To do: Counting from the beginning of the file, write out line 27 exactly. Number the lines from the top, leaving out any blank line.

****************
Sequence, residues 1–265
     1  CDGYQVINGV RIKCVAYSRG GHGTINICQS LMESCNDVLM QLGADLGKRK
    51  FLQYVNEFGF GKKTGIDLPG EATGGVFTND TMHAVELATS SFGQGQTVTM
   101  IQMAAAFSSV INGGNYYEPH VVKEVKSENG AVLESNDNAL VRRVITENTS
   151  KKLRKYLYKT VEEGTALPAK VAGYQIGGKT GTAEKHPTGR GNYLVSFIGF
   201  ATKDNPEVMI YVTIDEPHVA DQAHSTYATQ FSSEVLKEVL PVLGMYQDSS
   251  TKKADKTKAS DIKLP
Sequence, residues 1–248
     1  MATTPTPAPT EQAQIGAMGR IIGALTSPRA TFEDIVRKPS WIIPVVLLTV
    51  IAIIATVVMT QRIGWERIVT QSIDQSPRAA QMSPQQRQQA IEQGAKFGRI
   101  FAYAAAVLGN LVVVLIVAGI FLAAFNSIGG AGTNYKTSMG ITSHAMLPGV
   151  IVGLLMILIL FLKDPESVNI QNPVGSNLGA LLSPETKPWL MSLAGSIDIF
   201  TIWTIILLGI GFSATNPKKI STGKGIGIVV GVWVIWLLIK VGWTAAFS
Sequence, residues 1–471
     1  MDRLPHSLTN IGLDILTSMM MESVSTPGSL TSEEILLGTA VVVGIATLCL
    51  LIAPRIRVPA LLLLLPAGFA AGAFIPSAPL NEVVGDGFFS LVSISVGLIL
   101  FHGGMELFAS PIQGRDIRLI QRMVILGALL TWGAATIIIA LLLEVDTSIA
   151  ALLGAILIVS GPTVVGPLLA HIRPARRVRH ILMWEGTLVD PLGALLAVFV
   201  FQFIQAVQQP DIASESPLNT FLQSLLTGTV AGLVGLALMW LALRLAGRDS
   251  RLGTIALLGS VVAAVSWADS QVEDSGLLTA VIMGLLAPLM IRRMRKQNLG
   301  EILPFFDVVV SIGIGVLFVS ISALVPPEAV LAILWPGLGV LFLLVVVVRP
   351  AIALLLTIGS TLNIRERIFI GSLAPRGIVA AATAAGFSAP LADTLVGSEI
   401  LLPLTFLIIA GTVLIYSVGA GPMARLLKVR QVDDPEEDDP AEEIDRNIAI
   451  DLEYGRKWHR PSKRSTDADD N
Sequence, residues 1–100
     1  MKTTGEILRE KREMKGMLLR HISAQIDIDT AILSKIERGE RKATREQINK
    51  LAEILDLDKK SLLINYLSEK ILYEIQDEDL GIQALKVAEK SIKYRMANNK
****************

    51  LAEILDLDKK SLLINYLSEK ILYEIQDEDL GIQALKVAEK SIKYRMANNK